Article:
Growing lettuce on the moon

Traditions from Earth and new traditions on the moon help the Sensoria M3 crew bond during their analog mission at the HI-SEAS habitat.

Dr. Michaela Musilova is the director of Hawaii Space Exploration Analog and Simulation (HI-SEAS) program, which conducts analog missions to the moon and Mars for scientific research at a habitat on the volcano Mauna Loa. Currently, she is in command of the two-week Sensoria M3 mission and contributed this report to Space.com's Expert Voices: Op-Ed & Insights

Commander's Report for the Sensoria M3 Mission at HI-SEAS 
During my travels around the world and beyond on analog space missions, I always continue this tradition with my friends, colleagues and crewmembers. Their faces full of surprise and delight are priceless. Other crewmembers chipped into this festive atmosphere as well. Vice Commander James Ward gave everyone a facemask with a NASA design, while Chief Science Officer Emily Seto gave us a Flipstik adhesive.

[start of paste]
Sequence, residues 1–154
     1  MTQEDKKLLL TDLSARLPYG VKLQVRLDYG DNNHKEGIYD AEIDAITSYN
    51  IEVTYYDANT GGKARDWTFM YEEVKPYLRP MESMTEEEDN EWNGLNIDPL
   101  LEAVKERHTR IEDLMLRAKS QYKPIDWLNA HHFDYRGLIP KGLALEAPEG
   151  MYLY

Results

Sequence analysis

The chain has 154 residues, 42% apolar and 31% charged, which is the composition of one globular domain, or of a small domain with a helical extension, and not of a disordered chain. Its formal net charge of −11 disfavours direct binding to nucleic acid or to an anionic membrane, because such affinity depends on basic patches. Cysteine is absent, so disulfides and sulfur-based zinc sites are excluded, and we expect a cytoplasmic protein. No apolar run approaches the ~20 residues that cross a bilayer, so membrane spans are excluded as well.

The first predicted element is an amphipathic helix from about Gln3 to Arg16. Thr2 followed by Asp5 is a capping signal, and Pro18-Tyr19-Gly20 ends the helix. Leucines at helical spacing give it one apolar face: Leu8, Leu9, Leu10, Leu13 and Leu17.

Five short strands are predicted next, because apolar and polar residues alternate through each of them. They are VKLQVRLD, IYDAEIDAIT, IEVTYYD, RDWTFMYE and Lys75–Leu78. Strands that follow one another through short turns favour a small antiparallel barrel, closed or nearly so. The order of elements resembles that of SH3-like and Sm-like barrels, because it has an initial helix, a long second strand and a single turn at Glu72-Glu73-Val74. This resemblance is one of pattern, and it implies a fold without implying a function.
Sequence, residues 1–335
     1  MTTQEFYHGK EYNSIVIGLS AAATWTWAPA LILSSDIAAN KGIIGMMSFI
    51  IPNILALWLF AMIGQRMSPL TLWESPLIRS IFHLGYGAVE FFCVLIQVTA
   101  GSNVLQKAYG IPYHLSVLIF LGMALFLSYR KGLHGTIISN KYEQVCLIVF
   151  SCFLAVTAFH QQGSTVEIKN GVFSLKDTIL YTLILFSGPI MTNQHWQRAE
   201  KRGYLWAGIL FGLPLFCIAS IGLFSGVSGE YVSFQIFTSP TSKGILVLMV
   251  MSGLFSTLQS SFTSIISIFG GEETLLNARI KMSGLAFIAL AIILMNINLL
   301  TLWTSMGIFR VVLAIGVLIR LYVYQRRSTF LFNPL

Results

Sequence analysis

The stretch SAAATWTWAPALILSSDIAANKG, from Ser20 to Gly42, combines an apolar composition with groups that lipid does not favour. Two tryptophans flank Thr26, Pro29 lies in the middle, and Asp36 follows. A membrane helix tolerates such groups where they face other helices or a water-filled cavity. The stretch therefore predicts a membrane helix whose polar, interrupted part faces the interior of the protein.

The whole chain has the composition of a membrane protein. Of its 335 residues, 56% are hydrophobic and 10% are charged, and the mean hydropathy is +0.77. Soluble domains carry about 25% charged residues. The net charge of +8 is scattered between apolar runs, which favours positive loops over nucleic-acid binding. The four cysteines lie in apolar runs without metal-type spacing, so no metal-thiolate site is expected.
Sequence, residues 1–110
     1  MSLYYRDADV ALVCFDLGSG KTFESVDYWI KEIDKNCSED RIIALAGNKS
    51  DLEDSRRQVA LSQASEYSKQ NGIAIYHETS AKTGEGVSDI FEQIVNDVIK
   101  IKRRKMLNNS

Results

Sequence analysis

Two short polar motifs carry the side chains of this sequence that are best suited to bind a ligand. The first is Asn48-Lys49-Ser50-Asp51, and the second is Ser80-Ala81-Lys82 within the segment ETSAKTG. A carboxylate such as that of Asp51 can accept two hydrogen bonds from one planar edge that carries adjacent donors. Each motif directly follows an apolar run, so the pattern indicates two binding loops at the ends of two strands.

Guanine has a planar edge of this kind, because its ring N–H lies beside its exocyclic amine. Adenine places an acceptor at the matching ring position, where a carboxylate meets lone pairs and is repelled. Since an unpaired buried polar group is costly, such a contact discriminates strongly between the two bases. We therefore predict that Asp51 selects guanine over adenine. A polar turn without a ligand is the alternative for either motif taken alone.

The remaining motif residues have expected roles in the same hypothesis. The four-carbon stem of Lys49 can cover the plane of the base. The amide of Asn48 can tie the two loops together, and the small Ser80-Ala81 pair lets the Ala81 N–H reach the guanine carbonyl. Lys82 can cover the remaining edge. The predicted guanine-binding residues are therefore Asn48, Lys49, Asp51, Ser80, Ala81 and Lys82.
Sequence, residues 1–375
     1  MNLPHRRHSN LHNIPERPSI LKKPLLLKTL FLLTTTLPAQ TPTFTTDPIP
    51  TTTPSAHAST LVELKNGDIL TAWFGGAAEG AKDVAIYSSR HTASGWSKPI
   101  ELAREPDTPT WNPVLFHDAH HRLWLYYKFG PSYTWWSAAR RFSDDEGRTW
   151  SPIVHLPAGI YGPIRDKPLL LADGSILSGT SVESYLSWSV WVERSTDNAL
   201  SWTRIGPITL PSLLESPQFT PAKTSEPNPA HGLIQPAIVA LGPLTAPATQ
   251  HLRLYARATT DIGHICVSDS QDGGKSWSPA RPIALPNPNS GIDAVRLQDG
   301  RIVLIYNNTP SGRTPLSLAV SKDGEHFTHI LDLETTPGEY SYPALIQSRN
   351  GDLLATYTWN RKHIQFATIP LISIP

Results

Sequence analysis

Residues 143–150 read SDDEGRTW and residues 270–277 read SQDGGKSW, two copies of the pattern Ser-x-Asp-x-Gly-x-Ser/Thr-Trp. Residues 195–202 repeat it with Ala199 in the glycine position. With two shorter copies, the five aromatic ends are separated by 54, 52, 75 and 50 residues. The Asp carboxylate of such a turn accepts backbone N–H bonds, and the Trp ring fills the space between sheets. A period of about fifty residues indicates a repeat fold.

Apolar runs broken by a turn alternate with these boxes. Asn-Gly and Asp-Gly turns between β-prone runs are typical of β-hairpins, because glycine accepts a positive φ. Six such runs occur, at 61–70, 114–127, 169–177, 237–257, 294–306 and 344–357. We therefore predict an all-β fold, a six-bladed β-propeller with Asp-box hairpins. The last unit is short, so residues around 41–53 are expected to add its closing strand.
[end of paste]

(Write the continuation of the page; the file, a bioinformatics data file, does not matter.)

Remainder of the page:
Emily brought multiple collaborative projects on this mission and Flipstik is one of them. She is trying to demonstrate the Flipstick product's adhesive properties on various surfaces around the habitat and outside in the lava terrain. It can be used to prop electronics (such as a phone) on surfaces, allowing the user to conduct other hands-on activities in the laboratory or during fieldwork. 

Another technology demonstration that we're performing during this Sensoria M3 mission is the testing of the Lettuce Grow hydroponics system. Our primary diet in this analog lunar environment consists of processed and freeze-dried foods. To expand our current selection of foods, Emily initiated a continuous collaboration with Lettuce Grow.

They are providing a self-sustaining hydroponics system with indoor LED grow lights that will support the growth of fresh greens, such as "Astro" arugula and "Encore" baby lettuce mix during missions. It has been interesting to observe the growth and persistence of the plants considering the temperature and humidity fluctuations in the habitat. The results of this study may even provide implications for the selection of vegetables and herbs for future space missions.  

Read more at Space.com (Michaela Musilova)


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